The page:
In this class we will be studying The Ten Plagues in depth. Each verse will be carefully parsed and attention
will be given to details that are often overlooked. A primary focus of the course is to appreciate the way the
classic medieval commentators understood Chumash, and their different approaches to exegesis. Special
emphasis will be placed on the thorough understanding of Rashi, Ibn Ezra, Ramban, Sforno and other
Rishonim. This elaborate approach to the text will also give rise to broader discussions of fundamental issues
that arise from the storyline.
Rav Avigdor Meyerowitz
Monday and Thursday 10:05 – 13:00 (H)
[4 credits per semester]
BIB 107 – 108 Torah Shebichtav, Advanced Level
The Book of Numbers
This course will study Sefer BaMidbar in depth, combining textual analysis with a combination of classical and
modern commentaries. Emphasis will be placed on understanding how the various exegetes related to text.
Rav Yonatan Horovitz
Monday and Thursday 10:05 – 13:00 (H)
[4 credits per semester]
BIB 107a-108a Torah Shebichtav, Advanced Level
The Book of Deuteronomy
This course will study Sefer Devarim systematically, using a wide range of classical and modern commentaries.
Each session, we will use a new source sheet, which will provide all the relevant texts. The shiur will focus on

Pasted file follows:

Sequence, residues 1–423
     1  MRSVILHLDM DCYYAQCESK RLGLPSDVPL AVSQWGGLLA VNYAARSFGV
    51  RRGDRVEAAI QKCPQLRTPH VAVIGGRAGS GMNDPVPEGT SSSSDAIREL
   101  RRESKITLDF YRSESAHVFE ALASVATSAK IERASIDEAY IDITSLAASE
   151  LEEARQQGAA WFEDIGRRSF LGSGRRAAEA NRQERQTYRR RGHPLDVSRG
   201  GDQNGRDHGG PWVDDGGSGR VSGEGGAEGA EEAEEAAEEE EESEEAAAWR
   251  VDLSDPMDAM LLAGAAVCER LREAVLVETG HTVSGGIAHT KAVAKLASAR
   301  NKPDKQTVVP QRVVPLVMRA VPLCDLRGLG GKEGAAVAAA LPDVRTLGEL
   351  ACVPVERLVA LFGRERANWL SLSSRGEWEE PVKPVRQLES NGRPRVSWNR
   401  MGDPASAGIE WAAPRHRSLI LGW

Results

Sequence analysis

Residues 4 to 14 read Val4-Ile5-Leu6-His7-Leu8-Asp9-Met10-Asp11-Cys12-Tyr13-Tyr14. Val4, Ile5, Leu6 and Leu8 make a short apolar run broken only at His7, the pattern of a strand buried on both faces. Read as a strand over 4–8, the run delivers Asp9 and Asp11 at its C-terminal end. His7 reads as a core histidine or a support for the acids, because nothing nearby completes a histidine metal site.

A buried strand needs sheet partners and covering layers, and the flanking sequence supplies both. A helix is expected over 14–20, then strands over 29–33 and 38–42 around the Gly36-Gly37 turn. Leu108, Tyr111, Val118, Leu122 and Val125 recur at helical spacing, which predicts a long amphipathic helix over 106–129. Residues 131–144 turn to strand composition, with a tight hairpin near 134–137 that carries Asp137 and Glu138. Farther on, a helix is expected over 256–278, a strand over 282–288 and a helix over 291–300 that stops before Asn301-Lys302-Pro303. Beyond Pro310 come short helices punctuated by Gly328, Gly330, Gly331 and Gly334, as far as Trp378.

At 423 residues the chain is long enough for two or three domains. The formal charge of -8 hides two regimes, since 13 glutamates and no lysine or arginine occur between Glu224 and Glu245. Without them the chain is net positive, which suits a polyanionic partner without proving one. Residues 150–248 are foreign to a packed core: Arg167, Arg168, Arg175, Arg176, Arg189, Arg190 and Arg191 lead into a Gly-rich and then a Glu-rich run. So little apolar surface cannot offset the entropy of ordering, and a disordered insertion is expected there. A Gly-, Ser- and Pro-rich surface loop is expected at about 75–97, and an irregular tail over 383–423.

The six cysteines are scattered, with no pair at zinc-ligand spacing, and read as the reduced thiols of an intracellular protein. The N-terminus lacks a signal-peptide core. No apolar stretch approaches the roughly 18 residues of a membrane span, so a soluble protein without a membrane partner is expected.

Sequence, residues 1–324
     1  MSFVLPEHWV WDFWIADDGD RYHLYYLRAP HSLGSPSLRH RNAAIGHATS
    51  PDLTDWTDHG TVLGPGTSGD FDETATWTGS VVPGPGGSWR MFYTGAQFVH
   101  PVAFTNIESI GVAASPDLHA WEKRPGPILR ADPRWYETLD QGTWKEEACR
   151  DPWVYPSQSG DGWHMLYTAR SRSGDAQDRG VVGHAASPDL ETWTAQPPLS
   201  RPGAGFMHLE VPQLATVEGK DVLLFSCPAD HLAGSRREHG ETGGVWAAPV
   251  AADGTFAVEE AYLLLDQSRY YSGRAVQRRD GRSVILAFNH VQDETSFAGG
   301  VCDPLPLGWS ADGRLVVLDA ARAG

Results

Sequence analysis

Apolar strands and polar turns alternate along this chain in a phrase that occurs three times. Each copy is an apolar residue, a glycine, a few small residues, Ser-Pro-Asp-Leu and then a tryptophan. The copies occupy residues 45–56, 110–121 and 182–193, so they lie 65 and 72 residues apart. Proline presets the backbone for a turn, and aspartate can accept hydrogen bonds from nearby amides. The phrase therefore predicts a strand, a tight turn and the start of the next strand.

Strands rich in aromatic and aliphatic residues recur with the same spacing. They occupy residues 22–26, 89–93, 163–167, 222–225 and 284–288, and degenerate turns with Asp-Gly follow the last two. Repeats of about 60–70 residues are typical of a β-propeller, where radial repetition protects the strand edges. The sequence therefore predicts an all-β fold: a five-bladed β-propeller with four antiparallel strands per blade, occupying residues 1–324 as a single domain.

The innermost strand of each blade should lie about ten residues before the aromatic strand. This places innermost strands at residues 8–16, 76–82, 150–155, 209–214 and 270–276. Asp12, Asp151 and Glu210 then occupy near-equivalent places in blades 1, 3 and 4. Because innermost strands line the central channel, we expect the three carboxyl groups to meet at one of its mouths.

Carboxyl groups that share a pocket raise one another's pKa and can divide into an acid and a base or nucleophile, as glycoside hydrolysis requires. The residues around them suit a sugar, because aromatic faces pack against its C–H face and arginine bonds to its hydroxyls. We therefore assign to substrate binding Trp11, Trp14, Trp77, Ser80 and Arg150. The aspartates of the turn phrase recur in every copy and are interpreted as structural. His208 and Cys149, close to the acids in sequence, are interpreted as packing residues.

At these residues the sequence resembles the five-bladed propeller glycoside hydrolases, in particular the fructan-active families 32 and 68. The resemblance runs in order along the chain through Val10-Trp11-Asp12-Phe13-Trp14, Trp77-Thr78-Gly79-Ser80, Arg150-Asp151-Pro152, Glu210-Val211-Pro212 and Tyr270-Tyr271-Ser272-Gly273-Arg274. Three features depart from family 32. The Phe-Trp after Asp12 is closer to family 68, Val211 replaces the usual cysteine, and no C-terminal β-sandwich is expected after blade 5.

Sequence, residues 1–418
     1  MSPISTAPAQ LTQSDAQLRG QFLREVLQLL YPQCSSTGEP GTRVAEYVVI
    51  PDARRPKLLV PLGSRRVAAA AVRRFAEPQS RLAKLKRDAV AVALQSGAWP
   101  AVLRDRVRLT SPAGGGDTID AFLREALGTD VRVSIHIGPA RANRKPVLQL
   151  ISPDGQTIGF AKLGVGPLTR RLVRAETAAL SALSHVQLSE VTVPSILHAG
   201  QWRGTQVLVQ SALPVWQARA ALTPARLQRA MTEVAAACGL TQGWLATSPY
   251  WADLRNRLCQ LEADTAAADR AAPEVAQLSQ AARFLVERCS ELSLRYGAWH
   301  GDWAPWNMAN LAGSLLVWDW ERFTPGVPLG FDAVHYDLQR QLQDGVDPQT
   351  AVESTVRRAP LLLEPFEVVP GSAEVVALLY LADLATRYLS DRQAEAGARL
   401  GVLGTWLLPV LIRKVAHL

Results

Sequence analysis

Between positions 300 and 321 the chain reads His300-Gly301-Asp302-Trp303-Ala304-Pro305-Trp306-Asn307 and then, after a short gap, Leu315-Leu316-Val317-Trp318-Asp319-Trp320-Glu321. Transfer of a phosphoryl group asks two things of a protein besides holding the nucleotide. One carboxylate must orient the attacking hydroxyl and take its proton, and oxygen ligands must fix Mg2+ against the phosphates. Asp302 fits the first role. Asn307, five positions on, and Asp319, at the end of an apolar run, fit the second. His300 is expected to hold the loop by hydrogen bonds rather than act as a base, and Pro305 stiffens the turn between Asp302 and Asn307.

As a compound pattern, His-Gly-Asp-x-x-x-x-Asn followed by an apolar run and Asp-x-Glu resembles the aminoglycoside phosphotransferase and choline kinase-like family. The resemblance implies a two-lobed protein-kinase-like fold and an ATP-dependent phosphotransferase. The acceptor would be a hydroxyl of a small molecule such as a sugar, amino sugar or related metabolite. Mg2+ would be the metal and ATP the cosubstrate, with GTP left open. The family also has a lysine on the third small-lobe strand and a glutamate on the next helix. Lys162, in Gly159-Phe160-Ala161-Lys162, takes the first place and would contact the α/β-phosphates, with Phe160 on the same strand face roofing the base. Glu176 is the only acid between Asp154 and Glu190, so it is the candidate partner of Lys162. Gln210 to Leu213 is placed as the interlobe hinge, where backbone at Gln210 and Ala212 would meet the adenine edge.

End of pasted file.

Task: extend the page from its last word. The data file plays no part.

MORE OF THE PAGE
the sources which the students find most problematic or interesting.
Rav Uri Cohen
Monday and Thursday 10:05 – 13:00 (E)
[4 credits per semester]
BIB 110-111 Bekiut Torah – Survey of The Pentateuch
BIB 103-104 Torah SheBichtav, Intermediate Level
The Book of Genesis/Exodus
In this class we will study the final chapters of Sefer Breishit and the first half of Sefer Shemot. Understanding
that the Torah is our manual for life, it is incumbent upon us to understand its moral and ethical value system
even through its characters and their stories. In this course, through the focused utilization of textual analysis
along with a complement of classical commentaries, we will not only learn the skills with which to properly
dissect the Torah’s text, but walk away with a greater and deeper understanding of Hashem’s intended
messages as conveyed through the biblical narrative and enumerated mitzvot.
Rav Jonathan Baily
Monday and Thursday 10:05 – 13:00 (E)
[4 credits per semester]
6
This is a survey course designed to familiarize students with large
sections of the Torah and select passages with the commentary of
Rashi. The English sections of this course will focus on the
Parshat HaShavua, while the Hebrew section will cover the